BBC Question Time has become one of those TV programmes that I now rarely watch without also reading and interacting with the #bbcqt hashtag on twitter. Clearly I’m not alone – last night there were approximately 36,000 tweets on the hashtag over the hour or so that the programme was on. That’s a lot of data about a TV programme – and given the programme’s political nature there must be some really interesting information in there about politicians and the way people react to what they say.
So I built this prototype to play around with the data. (edit – the one for the 31st Jan is here , 7th Feb here, 14th Feb here , 21st Feb here, 28th Feb here, 7th Mar here, 14th Mar here, 21st Mar here, 11th Apr here, 18th Apr here)
Last night I captured every tweet using the #bbcqt hashtag that was made between 10.30pm and 11.45pm (the programme runs for an hour from 10.35pm) from the twitter api (with this volume of tweets you need to be sneaky to avoid crashing into the api limits… but it’s possible)
Before the programme I wrote a quick bit of code so that during the show I could capture which person was speaking when.
Afterwards I put together some code to….
- divide the tweets up into ones that were obviously about the panellists and ones that were just generic and then further divide them up into one-minute chunks
- remove all of the rubbish bits (punctuation, inconsequential words etc) from each tweet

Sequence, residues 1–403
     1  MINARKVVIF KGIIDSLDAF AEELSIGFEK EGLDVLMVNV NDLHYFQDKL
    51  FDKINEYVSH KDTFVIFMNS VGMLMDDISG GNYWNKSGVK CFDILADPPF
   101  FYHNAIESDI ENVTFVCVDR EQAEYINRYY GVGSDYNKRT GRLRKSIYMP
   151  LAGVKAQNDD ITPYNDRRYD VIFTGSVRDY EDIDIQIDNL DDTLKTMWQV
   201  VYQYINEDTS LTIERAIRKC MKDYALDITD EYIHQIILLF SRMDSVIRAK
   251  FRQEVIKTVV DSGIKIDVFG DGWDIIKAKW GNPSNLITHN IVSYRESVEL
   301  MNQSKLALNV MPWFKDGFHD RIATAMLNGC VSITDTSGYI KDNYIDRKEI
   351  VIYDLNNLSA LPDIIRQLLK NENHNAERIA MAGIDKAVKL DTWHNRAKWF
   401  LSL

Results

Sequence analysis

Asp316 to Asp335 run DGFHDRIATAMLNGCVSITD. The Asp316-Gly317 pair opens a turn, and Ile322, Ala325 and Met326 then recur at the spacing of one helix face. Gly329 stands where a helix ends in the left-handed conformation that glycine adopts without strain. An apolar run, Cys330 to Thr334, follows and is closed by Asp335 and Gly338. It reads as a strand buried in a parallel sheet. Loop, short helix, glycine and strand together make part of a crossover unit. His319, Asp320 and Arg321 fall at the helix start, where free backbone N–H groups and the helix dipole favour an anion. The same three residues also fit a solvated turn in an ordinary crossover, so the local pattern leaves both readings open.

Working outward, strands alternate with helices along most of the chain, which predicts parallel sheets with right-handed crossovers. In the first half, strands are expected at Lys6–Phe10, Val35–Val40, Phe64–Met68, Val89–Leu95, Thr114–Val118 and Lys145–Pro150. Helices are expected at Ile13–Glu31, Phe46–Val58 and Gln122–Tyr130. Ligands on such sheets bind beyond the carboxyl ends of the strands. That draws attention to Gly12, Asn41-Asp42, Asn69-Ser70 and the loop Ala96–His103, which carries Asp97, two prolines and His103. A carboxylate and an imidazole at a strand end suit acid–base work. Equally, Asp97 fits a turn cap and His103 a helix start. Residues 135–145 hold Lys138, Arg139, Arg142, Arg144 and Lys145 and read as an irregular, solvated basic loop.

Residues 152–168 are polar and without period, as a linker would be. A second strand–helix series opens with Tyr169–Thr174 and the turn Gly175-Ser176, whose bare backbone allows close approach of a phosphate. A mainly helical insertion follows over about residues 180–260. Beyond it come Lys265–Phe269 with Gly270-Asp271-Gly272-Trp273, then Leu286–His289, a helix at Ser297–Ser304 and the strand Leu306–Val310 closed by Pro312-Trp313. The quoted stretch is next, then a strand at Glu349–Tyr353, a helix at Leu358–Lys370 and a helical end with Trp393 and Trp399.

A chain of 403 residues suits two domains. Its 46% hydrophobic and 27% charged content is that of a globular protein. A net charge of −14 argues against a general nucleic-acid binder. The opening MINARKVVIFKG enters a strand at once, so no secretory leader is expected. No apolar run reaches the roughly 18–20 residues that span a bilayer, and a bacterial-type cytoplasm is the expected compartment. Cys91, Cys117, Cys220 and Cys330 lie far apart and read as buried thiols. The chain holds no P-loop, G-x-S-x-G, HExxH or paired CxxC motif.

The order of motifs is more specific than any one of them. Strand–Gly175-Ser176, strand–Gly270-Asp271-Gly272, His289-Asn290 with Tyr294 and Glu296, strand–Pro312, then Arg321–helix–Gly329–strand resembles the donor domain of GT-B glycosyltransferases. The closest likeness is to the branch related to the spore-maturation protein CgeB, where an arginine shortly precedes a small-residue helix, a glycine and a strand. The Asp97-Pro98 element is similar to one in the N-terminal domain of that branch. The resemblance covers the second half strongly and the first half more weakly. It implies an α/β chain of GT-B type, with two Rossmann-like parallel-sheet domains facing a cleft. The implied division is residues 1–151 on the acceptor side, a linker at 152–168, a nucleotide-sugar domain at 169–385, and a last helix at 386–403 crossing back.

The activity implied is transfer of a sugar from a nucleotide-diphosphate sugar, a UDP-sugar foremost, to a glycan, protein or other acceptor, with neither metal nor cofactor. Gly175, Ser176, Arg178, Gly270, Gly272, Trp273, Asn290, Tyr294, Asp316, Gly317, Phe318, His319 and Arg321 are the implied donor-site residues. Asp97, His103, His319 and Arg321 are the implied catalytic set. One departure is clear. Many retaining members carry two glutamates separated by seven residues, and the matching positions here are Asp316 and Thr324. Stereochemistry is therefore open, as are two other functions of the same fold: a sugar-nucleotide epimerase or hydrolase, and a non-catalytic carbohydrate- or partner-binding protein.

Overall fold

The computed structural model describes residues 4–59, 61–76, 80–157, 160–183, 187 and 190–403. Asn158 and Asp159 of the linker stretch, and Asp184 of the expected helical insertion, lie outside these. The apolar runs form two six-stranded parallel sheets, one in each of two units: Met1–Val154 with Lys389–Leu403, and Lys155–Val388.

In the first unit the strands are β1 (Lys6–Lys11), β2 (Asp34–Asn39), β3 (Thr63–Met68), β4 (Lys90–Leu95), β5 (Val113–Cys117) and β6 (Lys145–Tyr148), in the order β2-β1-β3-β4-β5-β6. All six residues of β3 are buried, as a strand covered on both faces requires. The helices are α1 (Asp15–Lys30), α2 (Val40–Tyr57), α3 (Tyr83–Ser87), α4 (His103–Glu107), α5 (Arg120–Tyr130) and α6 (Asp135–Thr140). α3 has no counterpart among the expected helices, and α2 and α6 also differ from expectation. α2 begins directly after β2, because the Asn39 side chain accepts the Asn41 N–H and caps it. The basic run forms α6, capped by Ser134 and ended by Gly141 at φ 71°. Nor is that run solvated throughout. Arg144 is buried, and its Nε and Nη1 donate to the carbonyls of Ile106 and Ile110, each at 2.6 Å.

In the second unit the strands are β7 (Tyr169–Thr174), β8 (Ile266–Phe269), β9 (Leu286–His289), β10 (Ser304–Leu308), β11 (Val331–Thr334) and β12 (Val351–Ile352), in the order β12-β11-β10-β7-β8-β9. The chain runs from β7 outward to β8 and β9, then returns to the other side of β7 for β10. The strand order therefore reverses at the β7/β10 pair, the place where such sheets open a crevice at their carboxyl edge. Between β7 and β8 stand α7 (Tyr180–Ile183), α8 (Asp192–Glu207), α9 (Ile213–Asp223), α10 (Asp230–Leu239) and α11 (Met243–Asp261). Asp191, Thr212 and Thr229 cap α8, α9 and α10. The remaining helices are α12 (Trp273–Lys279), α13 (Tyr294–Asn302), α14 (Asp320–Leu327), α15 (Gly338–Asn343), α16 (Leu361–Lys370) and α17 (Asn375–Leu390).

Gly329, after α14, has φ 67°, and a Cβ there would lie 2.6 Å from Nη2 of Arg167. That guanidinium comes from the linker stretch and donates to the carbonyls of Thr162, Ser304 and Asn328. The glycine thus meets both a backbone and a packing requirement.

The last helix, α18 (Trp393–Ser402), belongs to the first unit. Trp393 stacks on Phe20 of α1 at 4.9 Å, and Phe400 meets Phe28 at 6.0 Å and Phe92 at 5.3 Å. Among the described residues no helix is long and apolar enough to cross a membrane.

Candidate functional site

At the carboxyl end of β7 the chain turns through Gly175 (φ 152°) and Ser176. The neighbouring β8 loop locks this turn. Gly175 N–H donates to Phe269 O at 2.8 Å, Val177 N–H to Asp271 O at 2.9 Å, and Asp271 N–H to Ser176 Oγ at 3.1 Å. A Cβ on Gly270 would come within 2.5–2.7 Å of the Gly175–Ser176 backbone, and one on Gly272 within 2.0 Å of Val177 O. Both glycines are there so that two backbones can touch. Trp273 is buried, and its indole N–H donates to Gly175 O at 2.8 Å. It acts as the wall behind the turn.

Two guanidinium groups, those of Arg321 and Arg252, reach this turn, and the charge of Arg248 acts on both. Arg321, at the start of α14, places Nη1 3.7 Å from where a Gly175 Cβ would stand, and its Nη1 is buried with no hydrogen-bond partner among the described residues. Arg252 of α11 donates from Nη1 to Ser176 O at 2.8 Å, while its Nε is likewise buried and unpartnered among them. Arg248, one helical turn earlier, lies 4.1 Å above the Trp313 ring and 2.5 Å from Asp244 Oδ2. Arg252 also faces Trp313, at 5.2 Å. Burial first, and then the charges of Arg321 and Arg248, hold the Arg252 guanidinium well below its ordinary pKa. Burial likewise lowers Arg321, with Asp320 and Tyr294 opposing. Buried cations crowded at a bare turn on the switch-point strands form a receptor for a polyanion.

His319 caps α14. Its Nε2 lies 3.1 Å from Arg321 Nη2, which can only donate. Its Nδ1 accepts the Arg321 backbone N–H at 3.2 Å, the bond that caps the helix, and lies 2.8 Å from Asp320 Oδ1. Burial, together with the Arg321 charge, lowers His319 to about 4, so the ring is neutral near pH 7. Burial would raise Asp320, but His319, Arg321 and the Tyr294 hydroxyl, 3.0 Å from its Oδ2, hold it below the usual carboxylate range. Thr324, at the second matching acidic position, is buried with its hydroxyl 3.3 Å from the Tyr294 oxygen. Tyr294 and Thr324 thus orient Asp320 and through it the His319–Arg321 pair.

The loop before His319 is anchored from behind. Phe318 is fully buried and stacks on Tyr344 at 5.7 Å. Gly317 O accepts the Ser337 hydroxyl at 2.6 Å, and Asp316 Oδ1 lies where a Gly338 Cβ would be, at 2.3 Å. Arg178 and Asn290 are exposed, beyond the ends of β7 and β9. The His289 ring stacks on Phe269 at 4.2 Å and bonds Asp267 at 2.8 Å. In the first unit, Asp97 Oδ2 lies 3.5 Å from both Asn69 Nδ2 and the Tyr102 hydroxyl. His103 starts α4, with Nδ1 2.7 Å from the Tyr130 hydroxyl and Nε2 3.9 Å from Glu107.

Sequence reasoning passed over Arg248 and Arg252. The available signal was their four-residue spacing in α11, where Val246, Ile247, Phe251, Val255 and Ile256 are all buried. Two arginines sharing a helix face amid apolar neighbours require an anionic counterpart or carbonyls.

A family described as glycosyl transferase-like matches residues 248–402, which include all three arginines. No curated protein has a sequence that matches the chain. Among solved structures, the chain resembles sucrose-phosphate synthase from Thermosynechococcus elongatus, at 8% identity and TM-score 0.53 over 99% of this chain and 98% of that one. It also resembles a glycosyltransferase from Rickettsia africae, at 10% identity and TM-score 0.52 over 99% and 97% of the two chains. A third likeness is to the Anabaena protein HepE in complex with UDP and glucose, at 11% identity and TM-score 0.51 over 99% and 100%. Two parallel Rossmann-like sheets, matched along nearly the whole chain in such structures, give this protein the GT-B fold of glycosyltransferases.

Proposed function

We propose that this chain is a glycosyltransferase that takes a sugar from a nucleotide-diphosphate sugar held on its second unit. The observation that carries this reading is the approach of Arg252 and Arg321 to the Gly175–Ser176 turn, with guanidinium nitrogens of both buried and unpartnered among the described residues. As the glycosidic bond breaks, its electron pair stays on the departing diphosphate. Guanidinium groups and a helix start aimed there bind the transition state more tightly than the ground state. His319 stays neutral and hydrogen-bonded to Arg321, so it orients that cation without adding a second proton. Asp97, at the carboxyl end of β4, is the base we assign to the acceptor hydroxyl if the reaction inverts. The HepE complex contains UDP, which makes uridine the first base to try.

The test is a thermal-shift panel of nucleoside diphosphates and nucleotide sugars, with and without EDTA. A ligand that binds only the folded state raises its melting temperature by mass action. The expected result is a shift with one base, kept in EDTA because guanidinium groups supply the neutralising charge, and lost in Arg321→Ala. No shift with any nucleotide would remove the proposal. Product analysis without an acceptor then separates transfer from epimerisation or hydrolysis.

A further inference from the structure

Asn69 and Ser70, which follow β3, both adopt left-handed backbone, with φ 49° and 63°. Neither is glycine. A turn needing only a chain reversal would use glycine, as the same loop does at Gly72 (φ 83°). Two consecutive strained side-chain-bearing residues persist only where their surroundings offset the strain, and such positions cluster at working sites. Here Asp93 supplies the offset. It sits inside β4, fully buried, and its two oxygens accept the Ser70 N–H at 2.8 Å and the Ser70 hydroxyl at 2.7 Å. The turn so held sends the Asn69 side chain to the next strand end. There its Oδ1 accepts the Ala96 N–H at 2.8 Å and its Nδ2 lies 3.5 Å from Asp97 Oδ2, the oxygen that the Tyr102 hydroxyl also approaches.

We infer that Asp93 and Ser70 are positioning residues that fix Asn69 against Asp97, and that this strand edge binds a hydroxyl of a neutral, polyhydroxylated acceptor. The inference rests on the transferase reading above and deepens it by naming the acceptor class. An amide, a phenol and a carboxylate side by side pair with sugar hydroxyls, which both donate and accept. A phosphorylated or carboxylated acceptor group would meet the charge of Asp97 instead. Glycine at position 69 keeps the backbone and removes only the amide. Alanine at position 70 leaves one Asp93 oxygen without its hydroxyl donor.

- run each tweet through a naive bayesian classifier to classify it’s sentiment as positive, negative or neutral (classifier code on GitHub).
With the data cleaned up and analysed I then coded up a front end to display the information (for the technical people, it uses D3.js and rickshaw.js for the graphing library).
- I like how you can clearly see how twitter reacts just after someone has spoken – obvious really – but nice to see the data doing what you would expect it to.
- There are some interesting points where clearly one of the panellists has struck a chord on a particular topic – more positive sentiment than negative after particular comments.
Things to Improve
- The classification is trained on some generic good word/bad word data – I reckon a much more accurate sentiment would be gained by training the classifier on actual #bbcqt data (especially as there’s some quite choice anglo-saxon swearing that the current classifier doesn’t recognise)
- I gave up, because I didn’t have time, but theres some really interesting information in analysing word frequencies within the tweets – maybe one to develop later
I’m interested to find out if there is an appetite for this kind of (very niche I know) analysis – do Political parties monitor this stuff ?- is there some valuable feedback in there for them?